IMPROVING HEALTH AND SAFETY IN THE OFFSHORE OIL AND GAS SECTOR
Corporate Culture Can Be Key
The oil and gas industry ranks as one of the most hazardous industries out there when risk is not appropriately managed. The combination of powerful equipment, product under high pressure, remote, hard to get to locations and unpredictable weather significantly raises health and safety risks. But the industry in general has improved over the last few decades and some companies have increased investment to make their workplace safer for employees and contractors.
MMA Offshore focuses on health and safety as our people are our most valuable resource. We believe that everyone must return home from work in the same or better condition than when they left. Ingraining this into our corporate culture ensures that we keep health and safety at the forefront of our mission.
Of course, health and safety also has a huge impact on the bottom line. The costs of a poor health and safety record can be staggering. These costs are both internal and external. Internally, a bad health and safety record will drive up employee turnover as well as insurance premiums and decrease productivity. Externally, the reputational costs of accidents go far beyond regulatory fines and can negatively impact the company’s standing both in the industry as well as the wider public. These costs can be hard to calculate but are huge.
As accidents and health and safety problems have taken their toll not only on public oil and gas company’s bottom line but also on the morale of their employees, most major players have taken steps to address the dangers inherent in the industry. While these risks cannot be eliminated there are measures that can minimize health and safety issues. These include:
- Understanding Risks: Let’s start with the basics, companies in the oil and gas sector need to understand in detail the risks they are facing. Consider that large vessels or offshore platforms are like floating cities with all those system complexities in addition to being “open for business” 24/7. Health and safety hazards span a wide range including:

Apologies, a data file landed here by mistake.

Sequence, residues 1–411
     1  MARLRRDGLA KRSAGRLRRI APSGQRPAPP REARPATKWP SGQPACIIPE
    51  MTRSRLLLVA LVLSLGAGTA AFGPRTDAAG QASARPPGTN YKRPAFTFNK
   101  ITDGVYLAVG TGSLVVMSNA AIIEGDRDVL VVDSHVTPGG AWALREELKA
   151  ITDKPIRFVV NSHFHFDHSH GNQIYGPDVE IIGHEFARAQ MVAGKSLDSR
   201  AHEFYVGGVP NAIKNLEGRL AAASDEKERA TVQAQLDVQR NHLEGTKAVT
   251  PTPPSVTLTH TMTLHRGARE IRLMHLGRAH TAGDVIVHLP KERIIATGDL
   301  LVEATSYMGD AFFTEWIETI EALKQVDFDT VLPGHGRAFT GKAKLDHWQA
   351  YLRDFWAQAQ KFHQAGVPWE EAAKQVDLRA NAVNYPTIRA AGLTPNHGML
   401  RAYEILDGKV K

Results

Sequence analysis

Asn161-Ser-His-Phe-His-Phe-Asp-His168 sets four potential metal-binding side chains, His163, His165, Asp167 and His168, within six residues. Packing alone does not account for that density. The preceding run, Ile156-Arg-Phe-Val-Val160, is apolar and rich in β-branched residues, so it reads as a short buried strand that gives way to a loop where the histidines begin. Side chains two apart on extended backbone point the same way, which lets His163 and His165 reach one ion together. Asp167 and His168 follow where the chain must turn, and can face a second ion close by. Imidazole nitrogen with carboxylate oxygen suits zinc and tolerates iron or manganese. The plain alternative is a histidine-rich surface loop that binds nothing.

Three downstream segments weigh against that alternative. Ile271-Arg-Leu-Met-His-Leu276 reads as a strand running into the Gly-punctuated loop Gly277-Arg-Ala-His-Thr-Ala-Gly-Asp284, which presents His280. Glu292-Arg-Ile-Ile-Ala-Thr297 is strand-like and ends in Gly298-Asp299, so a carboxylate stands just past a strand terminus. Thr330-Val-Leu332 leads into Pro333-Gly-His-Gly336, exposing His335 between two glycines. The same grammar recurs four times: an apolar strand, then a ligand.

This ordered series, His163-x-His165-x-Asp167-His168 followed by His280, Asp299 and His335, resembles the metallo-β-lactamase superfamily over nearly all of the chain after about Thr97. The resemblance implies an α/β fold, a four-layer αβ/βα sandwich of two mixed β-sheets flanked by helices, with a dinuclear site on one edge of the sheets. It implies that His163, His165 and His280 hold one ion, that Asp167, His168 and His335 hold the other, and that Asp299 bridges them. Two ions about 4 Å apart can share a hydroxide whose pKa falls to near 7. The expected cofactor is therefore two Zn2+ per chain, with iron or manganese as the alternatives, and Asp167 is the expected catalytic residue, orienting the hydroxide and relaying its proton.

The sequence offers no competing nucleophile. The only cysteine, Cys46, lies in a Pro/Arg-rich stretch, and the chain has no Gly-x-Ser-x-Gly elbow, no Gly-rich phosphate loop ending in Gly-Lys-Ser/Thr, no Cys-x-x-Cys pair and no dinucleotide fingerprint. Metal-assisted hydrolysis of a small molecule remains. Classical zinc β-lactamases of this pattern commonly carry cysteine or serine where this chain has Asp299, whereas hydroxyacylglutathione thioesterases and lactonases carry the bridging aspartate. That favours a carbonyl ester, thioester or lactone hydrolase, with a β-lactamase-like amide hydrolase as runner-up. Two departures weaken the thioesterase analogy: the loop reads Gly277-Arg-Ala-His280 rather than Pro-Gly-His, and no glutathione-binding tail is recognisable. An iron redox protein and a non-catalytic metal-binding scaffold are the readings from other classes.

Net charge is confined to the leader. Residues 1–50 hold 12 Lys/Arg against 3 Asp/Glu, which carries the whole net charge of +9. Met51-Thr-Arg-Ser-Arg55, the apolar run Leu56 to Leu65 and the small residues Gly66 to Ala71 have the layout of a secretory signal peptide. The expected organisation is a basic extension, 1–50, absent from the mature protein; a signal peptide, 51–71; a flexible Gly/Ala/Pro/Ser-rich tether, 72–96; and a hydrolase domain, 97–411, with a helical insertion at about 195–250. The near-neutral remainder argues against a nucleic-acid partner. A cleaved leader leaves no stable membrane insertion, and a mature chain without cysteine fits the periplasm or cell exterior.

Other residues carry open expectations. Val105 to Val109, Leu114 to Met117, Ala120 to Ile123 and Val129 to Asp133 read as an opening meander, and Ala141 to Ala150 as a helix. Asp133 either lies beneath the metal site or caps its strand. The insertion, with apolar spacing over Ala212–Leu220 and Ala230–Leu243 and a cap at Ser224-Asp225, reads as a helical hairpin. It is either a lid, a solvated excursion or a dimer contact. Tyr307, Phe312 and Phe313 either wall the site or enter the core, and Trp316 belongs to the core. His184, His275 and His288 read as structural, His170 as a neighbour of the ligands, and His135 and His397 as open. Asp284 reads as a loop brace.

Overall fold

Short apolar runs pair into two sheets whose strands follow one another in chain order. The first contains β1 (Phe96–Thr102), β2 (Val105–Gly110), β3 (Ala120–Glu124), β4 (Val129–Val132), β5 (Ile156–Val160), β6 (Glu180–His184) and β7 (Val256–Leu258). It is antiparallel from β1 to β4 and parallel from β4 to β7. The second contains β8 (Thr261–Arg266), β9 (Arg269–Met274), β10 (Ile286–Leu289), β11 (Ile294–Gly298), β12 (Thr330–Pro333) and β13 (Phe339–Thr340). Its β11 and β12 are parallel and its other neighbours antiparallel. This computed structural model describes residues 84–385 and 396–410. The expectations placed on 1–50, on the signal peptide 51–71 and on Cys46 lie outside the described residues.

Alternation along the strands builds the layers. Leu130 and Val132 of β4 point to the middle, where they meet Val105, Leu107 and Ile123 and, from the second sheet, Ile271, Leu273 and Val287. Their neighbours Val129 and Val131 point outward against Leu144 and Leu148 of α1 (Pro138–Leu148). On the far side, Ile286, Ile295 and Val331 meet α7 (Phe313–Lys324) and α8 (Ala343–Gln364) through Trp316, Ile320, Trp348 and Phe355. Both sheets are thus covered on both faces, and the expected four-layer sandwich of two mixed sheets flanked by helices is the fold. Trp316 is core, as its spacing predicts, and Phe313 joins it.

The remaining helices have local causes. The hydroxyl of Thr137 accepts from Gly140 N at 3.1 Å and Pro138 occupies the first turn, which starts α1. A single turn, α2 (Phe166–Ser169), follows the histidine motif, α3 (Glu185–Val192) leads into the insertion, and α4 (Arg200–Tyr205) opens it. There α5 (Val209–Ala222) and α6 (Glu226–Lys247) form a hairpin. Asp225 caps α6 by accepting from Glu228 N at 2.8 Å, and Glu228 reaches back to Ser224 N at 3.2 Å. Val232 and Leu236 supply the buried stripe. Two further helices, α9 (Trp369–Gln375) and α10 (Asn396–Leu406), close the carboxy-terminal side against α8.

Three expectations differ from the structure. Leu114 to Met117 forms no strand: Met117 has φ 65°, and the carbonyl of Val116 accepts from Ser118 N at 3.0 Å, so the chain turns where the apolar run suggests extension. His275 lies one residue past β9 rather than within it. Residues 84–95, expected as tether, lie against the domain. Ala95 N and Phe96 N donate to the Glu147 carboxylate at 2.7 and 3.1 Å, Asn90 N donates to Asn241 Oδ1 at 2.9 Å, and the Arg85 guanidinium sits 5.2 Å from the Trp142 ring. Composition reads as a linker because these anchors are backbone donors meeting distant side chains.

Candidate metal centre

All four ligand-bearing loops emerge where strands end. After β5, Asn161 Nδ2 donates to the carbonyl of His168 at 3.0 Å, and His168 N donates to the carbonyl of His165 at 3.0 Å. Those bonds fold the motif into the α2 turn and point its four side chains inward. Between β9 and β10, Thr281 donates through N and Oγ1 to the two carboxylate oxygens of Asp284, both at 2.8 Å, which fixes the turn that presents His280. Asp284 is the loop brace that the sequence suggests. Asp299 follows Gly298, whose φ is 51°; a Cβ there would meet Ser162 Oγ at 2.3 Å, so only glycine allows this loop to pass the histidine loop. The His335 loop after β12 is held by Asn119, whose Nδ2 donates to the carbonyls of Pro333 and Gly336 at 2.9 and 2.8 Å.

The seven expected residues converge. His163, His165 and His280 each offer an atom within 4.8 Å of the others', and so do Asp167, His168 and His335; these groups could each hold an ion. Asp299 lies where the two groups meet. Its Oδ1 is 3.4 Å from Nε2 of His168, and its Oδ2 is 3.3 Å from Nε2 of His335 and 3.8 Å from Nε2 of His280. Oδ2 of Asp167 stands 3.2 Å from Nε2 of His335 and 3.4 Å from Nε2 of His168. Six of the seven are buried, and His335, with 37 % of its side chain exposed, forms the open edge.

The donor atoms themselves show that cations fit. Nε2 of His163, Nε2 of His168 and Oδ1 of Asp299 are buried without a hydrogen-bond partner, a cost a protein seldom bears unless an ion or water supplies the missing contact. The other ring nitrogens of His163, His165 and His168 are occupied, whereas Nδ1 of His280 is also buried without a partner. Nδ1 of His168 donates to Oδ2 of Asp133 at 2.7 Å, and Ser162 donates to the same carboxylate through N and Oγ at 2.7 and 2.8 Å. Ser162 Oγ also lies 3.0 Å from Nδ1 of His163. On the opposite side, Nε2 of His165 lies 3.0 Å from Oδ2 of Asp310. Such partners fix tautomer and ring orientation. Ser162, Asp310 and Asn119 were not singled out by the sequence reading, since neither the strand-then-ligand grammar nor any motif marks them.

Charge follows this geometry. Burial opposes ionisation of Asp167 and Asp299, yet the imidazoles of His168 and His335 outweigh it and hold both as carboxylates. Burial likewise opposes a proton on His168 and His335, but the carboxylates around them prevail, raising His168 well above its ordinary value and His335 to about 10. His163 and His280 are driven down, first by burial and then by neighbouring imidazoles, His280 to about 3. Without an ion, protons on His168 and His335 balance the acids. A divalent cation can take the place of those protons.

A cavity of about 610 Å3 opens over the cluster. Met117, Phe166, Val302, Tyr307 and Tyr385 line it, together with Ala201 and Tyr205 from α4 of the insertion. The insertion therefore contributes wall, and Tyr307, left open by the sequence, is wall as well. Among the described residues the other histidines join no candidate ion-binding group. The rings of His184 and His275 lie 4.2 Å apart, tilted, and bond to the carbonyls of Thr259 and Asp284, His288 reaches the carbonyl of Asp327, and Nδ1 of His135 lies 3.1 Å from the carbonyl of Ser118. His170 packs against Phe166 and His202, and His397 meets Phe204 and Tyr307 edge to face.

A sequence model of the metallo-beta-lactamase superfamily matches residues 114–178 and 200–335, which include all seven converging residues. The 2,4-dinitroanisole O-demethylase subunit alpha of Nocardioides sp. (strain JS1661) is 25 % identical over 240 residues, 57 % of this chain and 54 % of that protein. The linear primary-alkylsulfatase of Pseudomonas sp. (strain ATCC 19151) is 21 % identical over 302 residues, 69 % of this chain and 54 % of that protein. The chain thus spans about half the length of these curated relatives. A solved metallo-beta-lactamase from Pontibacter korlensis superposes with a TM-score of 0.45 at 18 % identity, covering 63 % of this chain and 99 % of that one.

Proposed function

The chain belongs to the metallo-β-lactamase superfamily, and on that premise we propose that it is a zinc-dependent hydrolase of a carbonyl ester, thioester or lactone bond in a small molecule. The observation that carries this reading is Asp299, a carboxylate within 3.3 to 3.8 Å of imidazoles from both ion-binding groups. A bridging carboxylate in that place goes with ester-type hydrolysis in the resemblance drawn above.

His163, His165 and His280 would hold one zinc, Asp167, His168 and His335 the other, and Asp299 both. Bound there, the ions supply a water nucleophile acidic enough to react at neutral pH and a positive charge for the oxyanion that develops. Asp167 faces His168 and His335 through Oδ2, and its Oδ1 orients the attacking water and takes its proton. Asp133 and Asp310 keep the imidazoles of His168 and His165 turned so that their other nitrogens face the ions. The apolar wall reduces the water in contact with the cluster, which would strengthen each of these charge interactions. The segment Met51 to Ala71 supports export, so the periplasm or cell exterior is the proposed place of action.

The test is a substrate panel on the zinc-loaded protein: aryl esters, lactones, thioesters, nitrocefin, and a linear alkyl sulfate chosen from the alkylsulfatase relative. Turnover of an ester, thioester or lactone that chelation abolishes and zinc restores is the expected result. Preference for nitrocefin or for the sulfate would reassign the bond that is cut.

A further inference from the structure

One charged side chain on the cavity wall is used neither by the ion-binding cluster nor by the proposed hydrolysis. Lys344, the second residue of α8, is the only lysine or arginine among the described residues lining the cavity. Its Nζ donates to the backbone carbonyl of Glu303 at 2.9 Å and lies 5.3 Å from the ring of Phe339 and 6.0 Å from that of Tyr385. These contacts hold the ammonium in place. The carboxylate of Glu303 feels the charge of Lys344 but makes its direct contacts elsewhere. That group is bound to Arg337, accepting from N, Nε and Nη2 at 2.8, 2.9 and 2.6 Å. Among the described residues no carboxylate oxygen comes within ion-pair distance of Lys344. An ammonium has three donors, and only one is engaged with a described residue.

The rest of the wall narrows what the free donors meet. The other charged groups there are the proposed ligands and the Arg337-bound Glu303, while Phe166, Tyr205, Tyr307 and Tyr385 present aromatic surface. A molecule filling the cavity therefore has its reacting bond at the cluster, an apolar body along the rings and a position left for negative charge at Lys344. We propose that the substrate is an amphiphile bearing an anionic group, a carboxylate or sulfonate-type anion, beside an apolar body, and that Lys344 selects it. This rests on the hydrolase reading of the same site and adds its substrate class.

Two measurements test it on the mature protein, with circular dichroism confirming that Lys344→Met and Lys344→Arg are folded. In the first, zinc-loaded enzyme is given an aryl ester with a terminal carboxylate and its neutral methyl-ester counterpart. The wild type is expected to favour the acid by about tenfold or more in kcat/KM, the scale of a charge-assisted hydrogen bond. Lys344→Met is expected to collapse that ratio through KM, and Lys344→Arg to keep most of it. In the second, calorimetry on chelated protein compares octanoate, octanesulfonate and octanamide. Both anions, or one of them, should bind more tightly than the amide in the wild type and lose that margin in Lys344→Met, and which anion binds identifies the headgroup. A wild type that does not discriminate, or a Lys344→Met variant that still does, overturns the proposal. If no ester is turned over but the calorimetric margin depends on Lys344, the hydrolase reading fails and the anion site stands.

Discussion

- High Pressure / High Temperature Systems
- Confined Spaces
- Rotating Machinery
- Legislative Frameworks: Due to the risks involved in the industry, most governments around the world regulate and mandate compliance to local and international standards. These regulations can be helpful but are generally not sufficient to mitigate health and safety risks. Regulatory pressures can give rise to “tick-box cultures” that put in procedures to be compliant but not safe. Companies increasingly need to guard against this type of thinking. Transitioning to a goal based approach will yield much better results.
- Management Systems: While not visible as an asset system, management systems play a key role in health and safety by introducing risk assessment standards and tools. Studies have found that organizations that have high accident rates in most cases have not effectively implemented or improved systems that were in place on paper. We are not seeing new types accidents but just old causes repeating themselves. Corporate leadership is critical in effective management systems as the organization will only perform to the level “lived” by senior leaders.